Whitestone eyesore cleaned up

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While the abandoned property located at 24-19 Francis Lewis Boulevard still has a long way to go, the land formerly regarded as an “eyesore” has gotten a little less hard to look at.

After sitting idle for over a decade, the plot, which had become a dumping ground for garbage and out-of-service construction equipment, has finally received some attention as part of an initiative forwarded by Senator Tony Avella and Peter Brancazio of the North East Flushing Civic Association, who hope to convert the derelict property into something of use for the community.

“I am extremely pleased that we were able to work with the city to put enough pressure on the owner to get him to take action,” said Avella.

In January, Avella’s representatives told The Courier that the property’s owner, 2431 Francis Lewis LLC, had failed to pay property taxes since October of 2009, therefore including the property under a list of tax liens — allowing the Department of Finances (DOF) to put the property up for sale. Avella’s representatives alleged that the DOF received a check for $9,772.11 from the property owner on August 3 that later bounced.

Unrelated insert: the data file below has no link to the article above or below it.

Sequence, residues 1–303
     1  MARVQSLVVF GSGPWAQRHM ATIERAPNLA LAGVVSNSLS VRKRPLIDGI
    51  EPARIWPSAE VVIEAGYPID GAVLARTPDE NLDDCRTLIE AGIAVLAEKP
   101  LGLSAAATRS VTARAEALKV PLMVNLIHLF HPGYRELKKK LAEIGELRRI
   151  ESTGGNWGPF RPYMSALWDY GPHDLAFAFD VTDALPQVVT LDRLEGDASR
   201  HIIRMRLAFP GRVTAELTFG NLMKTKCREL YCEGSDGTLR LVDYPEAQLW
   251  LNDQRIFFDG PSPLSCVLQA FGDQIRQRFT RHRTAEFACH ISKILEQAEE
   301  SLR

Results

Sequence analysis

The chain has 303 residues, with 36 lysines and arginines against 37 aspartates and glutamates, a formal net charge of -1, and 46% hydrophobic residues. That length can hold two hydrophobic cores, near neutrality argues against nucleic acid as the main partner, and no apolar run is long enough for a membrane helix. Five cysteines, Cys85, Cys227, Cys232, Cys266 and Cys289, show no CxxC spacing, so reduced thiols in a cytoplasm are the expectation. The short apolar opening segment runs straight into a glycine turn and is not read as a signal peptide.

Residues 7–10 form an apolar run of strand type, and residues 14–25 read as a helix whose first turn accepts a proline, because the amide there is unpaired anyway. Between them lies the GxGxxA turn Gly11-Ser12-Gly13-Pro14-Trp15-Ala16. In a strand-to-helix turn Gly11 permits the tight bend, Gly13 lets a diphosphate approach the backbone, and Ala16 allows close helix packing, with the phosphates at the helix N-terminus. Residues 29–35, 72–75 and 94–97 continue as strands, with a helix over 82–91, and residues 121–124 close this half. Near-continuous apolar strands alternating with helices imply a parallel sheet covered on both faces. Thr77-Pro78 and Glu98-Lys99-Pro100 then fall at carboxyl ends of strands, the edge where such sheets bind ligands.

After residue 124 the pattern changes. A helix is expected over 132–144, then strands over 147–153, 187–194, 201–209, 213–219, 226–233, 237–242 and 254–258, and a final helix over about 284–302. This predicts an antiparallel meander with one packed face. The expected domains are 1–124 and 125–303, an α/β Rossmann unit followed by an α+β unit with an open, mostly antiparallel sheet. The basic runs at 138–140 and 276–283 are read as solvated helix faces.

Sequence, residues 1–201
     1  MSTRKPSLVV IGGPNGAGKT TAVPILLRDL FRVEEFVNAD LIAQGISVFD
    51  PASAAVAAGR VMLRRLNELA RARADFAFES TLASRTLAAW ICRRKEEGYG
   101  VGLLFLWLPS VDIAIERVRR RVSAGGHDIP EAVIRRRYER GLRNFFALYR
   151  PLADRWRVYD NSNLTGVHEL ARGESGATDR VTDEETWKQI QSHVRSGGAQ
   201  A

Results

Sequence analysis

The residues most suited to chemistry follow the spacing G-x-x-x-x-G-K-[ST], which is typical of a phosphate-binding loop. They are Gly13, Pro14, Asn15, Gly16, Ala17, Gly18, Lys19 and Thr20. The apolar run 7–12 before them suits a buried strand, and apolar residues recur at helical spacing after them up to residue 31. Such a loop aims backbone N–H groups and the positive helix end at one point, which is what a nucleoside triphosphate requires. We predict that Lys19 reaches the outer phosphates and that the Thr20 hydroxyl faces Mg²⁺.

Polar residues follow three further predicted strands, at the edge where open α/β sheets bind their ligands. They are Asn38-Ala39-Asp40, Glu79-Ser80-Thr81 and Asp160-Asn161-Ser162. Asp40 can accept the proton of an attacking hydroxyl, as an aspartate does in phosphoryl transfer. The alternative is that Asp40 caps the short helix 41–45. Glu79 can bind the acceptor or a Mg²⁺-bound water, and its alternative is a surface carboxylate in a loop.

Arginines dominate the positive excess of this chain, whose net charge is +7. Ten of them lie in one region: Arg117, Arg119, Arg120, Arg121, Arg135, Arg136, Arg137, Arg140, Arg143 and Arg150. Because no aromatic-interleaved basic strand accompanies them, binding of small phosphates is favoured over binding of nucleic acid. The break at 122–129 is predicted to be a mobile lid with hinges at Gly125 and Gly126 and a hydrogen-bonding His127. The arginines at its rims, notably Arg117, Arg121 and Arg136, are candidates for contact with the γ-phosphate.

Councilmember Daniel Halloran has also remained outspoken about the ongoing project. He alleged that the owner skated fines for inadequate fencing several times in the past by patching parts with plywood when facing a penalty.

“The truck, debris and kitchen sink are gone. However, our work here is not done,” said Avella. “Now we need to focus of getting the fence removed and clearing the weeds and turning that lot into something appealing to the community.”

On February 10, Avella and Brancazio met with representatives from the DOF, Department of Buildings (DOB), Fire Department of New York (FDNY) and Department of Sanitations (DSNY) to discuss the abandoned lot. Since the group met, the FDNY has issued a Notice of Violation for the trash on the site and the DOB has transferred the lot to the Padlock Enforcement Unit. Shortly thereafter, the owner cleared the lot.